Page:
According to a statement released this week, search engine giant Google and renowned automaker Fiat Chrysler will be partnering in a bid to bring 100 self-driving minivans to the roads.
This will actually be one of the most advanced partnerships that Silicon Valley has made with the carmaker and it will be the first time that Google has entered into such a partnership including a traditional automaker. The two are aiming to see Google’s self-driving technology integrated into Chrysler made minivans.
The deal will see engineers from both Google and Fiat Chrysler come together to see to it that the former’s self-driving system, which includes sensors and software, is fit into the latter’s Pacifica minivan. The engineers will be assembling at Fiat Chrysler’s facility in Southeast Michigan. This is actually where the automaker’s main North American engineering center is located. As far as Google is concerned, it will not be sharing its proprietary self-driving technology with the automaker.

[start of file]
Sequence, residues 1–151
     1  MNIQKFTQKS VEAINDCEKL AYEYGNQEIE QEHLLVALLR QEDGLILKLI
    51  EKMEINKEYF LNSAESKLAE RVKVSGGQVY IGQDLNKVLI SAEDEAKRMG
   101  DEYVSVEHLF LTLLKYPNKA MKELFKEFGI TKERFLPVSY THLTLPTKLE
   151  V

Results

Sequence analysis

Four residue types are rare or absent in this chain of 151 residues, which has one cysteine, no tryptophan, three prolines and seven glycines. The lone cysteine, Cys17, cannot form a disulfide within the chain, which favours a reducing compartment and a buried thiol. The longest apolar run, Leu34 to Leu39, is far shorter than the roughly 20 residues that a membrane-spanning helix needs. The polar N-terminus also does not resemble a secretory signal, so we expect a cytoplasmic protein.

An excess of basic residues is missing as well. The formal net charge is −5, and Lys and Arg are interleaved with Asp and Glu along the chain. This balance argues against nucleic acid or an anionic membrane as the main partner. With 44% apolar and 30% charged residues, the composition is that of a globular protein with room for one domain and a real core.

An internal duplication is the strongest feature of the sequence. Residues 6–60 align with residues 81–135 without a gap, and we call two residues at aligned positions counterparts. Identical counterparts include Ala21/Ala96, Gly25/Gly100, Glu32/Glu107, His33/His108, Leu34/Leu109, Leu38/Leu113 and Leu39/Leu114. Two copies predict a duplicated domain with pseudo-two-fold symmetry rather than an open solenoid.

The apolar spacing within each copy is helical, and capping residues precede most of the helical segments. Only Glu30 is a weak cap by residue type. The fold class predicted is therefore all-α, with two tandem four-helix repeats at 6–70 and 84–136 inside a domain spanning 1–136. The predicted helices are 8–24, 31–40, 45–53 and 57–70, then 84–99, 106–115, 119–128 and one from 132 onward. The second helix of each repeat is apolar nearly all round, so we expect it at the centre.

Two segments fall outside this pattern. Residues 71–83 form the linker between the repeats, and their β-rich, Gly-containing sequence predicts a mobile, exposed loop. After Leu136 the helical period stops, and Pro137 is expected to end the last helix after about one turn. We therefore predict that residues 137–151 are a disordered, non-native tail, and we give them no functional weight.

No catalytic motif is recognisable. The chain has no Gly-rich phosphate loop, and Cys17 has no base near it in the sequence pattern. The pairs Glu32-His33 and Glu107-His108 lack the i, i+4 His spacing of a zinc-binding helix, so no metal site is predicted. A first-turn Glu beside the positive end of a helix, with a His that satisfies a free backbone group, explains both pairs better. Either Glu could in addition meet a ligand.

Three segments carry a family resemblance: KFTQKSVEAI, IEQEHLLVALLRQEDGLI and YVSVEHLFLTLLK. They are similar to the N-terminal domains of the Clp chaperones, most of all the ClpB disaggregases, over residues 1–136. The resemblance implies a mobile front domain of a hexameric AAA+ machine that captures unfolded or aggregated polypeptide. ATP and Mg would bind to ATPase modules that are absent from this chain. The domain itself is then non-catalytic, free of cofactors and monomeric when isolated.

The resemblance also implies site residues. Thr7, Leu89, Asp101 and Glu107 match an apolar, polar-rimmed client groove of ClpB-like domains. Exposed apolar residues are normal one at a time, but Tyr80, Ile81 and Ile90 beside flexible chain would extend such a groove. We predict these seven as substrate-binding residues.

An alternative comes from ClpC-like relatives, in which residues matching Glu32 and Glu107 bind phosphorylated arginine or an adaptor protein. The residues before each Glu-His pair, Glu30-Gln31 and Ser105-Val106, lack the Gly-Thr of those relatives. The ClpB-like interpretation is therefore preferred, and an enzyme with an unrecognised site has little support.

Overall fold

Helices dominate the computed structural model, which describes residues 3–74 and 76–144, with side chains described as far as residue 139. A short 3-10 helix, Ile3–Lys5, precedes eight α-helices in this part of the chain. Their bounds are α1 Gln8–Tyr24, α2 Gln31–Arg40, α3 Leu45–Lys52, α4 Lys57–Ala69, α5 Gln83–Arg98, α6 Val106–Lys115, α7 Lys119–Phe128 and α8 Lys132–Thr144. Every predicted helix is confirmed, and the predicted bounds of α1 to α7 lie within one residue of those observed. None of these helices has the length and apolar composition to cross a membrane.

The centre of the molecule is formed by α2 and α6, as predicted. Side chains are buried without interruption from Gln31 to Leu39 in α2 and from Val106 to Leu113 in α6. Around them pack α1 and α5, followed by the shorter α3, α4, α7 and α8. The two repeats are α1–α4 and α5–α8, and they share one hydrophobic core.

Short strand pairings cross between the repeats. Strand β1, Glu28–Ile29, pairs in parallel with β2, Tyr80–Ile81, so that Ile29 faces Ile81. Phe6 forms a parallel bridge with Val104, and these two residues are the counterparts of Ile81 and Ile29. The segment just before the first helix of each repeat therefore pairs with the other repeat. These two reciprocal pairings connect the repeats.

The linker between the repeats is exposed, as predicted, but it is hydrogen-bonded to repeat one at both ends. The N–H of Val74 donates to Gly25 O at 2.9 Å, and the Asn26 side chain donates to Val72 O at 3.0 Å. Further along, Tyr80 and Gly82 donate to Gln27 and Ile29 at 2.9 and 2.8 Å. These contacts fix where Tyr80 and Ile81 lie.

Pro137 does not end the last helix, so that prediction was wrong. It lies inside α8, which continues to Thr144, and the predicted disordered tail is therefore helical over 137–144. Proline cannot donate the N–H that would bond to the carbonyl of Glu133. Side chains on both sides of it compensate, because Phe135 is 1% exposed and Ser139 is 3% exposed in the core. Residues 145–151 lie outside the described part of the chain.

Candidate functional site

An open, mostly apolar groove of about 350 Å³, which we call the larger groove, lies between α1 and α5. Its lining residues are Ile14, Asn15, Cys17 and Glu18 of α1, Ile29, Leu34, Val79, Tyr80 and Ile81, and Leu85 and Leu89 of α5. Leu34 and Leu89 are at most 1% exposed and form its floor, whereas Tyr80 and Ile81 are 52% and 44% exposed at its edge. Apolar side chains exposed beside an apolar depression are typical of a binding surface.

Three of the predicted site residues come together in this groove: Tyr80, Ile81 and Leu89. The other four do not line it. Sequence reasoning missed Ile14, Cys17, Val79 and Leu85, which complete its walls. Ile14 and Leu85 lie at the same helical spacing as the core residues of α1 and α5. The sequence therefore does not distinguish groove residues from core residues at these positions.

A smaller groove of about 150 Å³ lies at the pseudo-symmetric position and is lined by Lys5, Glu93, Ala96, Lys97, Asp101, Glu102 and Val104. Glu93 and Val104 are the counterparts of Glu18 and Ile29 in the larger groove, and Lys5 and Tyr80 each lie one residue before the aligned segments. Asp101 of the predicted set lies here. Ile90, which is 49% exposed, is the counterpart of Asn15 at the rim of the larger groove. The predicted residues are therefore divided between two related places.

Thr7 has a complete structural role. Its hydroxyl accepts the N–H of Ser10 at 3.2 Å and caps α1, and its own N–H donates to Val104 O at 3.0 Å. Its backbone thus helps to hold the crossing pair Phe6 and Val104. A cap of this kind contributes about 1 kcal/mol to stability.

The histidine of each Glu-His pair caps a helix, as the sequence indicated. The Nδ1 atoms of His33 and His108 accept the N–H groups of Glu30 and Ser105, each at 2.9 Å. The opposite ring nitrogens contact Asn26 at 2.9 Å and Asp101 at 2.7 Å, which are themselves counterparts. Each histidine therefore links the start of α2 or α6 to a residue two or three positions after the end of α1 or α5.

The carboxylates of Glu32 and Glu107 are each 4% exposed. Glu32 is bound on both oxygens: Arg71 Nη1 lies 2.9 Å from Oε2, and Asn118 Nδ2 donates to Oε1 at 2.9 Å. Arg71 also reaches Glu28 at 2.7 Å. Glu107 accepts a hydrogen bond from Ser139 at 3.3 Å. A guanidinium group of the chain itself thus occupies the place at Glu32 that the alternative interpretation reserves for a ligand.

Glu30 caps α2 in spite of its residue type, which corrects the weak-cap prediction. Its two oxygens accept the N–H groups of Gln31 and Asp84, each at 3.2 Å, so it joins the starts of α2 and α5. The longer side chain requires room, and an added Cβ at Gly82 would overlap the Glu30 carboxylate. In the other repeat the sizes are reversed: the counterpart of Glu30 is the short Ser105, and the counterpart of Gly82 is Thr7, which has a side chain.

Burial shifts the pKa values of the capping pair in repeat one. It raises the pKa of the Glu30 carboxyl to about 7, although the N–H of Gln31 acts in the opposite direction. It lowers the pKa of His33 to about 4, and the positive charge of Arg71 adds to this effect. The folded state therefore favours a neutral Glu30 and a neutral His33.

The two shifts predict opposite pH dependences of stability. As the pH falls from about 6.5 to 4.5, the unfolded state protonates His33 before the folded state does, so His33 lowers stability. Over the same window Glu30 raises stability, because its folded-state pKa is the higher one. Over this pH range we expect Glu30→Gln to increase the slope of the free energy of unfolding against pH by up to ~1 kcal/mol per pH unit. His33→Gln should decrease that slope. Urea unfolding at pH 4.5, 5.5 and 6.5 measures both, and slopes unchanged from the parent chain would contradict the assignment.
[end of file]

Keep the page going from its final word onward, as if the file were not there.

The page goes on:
Google has been very busy with trying to bring self-driving technology to the roads, however, it has so far been affected by quite a number of bumps, especially from regulatory bodies. While this deal might see some progress as the company looks to automate things on the roads, competition in the industry is rife. Just this March, for instance, General Motors agreed to buy Cruise Automation, a San Francisco-based self-driving car company, an indicator that the celebrated automaker will soon be making its presence in this industry felt.
There is even more as last year saw Volkswagen and BMW buy the digital mapping company HERE as they look to improve on their development of autonomous driving.
Before this deal with Fiat Chrysler, engineers at Google had decided to buy a Toyota Lexus Sport and fitted it with its own software and sensors, among other hardware. However, the new deal will now see Google fit the same software and hardware into 100 Pacifica minivans from Fiat Chrysler.
Google has also confirmed that it doesn’t want to work independently as far as self-driving cars are concerned. Now that it has a deal in place, it could be easier for them to refine the systems in a bid to have them fixed in almost every future car. Even though this deal might help Fiat Chrysler settle the current net debt of $7.6 billion, executives from other carmakers such as Ford Motor and GM are of the view that such a deal might relegate automakers into mere hardware suppliers for Google.